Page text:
The thing that pisses me off is that people have started using AWD for no reason on paved roads. Here we are, a society who has spent trillions of dollars building a road network so wide and glassy smooth that you can get almost anywhere in the country in all seasons even if you are driving a 73-foot tractor trailer rig, and we are still wasting money driving off-road vehicles on it.

Make no mistake: In a gas-powered vehicle, AWD requires huge sacrifice in weight and complexity. Hundreds of pounds of steel shafts, gears, lubricating oils and reinforcements are required to get the power from the engine to that extra set of drive wheels. And not only must you pay to carry that dead weight around for the life of the car, you burn even more gas fighting the extra friction of the additional gears every second the car is moving. And then you have to pay to maintain and repair all those extra moving parts. It’s like carrying all your camping gear on your back every time you leave your house. It is also akin to a man attaching a set of 13-pound Decorative Testicles below his real ones, just for show. You would do it if absolutely required for a social event, but not when you actually had to get some work done.

My Subaru Story

Back in the day, even Mr. Money Mustache slipped into the Subaru trap at one point. It was a 2004 Impreza wagon. I bought it for the impressive cargo space, but sold it just a few years later for the abysmal gas mileage. Even with a 4-cylinder engine and a manual transmission and my best attempts at hypermiling, that little machine could suck down gas at 27 MPG on the highway, meaning it consumed as much fuel as my 15-year-old city bus of a construction van does. By comparison, the 2005 Scion xA I replaced it with holds the same number of people, but has averaged about 42 MPG in its life with me. But at least those Subaru years gave me plenty of time to evaluate the effectiveness of all-wheel drive**.

What I found was just what physics would suggest: it’s all in the tires. The car came with reasonable all-season tires, which gave it fast acceleration and average stopping power in blizzards. On the other hand, I would end up Dukes of Hazzarding through slippery intersections because the rear wheels would break their traction more easily than a front-drive car. On the positive side, the car could do outrageous drifting power doughnuts in an empty ski resort parking lot – a longstanding Subaru owner tradition.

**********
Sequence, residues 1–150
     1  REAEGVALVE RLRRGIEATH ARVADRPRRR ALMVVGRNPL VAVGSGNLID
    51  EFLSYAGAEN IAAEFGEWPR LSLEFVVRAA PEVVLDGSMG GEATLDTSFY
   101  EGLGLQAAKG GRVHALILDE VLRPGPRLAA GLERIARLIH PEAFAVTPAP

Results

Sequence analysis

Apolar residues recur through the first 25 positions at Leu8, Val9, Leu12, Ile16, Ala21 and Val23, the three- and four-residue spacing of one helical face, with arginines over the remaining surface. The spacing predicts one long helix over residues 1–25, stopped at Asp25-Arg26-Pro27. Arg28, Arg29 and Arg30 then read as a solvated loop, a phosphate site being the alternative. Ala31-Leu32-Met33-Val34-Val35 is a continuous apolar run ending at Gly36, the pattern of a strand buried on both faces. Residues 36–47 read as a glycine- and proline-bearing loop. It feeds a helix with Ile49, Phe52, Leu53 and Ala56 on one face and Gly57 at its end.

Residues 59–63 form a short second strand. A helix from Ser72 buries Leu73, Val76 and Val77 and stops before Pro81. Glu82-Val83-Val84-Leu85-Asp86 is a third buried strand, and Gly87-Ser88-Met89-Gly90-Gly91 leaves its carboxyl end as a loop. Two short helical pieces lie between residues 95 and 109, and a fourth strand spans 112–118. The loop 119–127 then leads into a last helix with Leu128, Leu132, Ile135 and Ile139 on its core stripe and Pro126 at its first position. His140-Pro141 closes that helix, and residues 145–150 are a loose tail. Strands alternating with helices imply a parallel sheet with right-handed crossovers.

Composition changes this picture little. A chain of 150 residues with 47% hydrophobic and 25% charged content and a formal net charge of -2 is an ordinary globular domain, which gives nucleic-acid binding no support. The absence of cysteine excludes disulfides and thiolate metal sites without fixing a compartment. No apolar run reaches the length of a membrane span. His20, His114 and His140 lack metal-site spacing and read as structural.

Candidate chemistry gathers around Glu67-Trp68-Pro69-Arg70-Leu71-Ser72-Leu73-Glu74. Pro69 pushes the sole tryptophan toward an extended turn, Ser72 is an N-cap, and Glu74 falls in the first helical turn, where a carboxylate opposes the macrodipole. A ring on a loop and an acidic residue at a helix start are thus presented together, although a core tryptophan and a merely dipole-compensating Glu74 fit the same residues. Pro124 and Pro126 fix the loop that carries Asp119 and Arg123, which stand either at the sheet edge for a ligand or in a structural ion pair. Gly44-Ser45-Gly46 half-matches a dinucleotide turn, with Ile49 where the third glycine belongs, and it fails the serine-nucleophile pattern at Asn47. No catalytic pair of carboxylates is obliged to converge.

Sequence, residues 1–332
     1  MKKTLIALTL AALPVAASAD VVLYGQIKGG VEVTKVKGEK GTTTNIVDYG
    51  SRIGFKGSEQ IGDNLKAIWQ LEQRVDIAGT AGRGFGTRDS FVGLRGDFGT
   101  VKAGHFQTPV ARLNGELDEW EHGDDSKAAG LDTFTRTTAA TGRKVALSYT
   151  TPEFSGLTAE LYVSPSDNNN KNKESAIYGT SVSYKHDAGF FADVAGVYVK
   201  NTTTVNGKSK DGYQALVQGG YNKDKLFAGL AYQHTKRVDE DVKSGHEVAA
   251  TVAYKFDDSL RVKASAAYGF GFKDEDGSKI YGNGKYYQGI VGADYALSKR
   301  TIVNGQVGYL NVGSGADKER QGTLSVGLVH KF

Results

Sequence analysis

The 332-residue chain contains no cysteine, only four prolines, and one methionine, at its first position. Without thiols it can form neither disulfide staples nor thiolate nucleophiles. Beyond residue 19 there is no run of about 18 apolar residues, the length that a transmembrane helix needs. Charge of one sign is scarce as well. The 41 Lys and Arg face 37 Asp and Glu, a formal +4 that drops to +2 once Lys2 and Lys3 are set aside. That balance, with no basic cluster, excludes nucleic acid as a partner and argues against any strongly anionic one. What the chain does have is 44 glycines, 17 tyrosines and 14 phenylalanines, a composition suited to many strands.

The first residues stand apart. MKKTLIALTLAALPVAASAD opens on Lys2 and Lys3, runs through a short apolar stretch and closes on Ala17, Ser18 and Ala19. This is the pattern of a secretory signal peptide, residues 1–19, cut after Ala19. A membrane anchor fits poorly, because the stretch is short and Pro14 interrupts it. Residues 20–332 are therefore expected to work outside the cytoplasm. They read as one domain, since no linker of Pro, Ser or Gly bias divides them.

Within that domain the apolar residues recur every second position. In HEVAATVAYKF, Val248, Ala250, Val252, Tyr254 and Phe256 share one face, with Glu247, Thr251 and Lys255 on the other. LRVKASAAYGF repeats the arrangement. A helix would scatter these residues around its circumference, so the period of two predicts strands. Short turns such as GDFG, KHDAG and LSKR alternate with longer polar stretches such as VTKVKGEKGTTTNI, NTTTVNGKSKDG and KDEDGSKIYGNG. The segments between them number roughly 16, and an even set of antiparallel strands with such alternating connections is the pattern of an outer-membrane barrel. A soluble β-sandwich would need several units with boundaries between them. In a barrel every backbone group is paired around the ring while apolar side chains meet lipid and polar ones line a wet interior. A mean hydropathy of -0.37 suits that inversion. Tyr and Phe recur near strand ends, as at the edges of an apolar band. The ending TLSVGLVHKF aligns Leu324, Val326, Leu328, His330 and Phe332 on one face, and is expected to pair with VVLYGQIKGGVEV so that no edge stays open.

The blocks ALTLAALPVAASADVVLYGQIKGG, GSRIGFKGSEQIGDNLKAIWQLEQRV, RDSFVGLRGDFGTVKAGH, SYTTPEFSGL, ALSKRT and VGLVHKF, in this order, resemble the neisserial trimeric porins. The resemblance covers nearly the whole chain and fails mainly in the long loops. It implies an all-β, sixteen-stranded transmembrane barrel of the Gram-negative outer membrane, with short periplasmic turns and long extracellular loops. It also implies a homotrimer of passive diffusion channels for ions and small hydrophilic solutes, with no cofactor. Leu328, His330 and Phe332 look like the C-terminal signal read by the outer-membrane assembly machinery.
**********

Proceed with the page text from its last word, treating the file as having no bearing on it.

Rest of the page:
Later I upgraded to a set of Pirelli 215/45ZR17 performance tires on fancy wheels (hey, I was just a clueless lad back then), which greatly improved its handling on my area’s usually-dry roads, but turned it into an all-wheel-drive toboggan in the snow.

I vividly remember a moment in my town’s level, well-plowed Lowe’s parking lot, pulling out with a small load of lumber. It was a sunny but crisp day in January, so the snow was melting only slowly. I found myself stuck right in the pedestrian crossing in front of the store, with all four of those big alloy  wheels whirring cheerfully but uselessly as they polished the packed snow and I went nowhere. It took a couple of friendly but sarcastic contractors to push me out by hand. They mocked my vehicle for not being a truck, but the real joke was the tires.

 But why is my Aunt’s Subaru so much better in snow (even braking) than my Prius?

Last year my van pulled a heavy load up a grassy hill covered with 8" of snow. Front wheel drive is more than enough.

Last year my van pulled a heavy load up a grassy hill covered with 8″ of snow. Front wheel drive is more than enough.

The tires are the biggest thing, but a few other factors than can also affect traction:

A wheel and tire combo with a longer contact patch can grip the snowy road better. Larger diameter, narrower width, taller sidewall profile, softer rubber compound, and lower air pressure all contribute to this. The Subaru comes with larger, softer tires than the Prius.

A heavier vehicle can crush the snow enough to get slightly more grip in certain conditions, but this is tricky since extra weight also means more trouble changing directions. Extra weight also makes you more lethal to everyone else on the road, which would make it a pretty selfish way to try to defend yourself. If you choose to play this game, just be honest and add machine guns instead.

Higher ground clearance allows you to skim over deeper snow without scraping the car’s belly. But this is a smaller deal than you’d think. For example, the Nissan Pathfinder SUV has 6.5 inches of ground clearance, while the Toyota Prius is only an inch lower at 5.5. A road with even 5 inches of snow is insane to drive in any vehicle above about 25 MPH, so you might as well get out your mountain bike or cross country skis.

The Ultimate Solution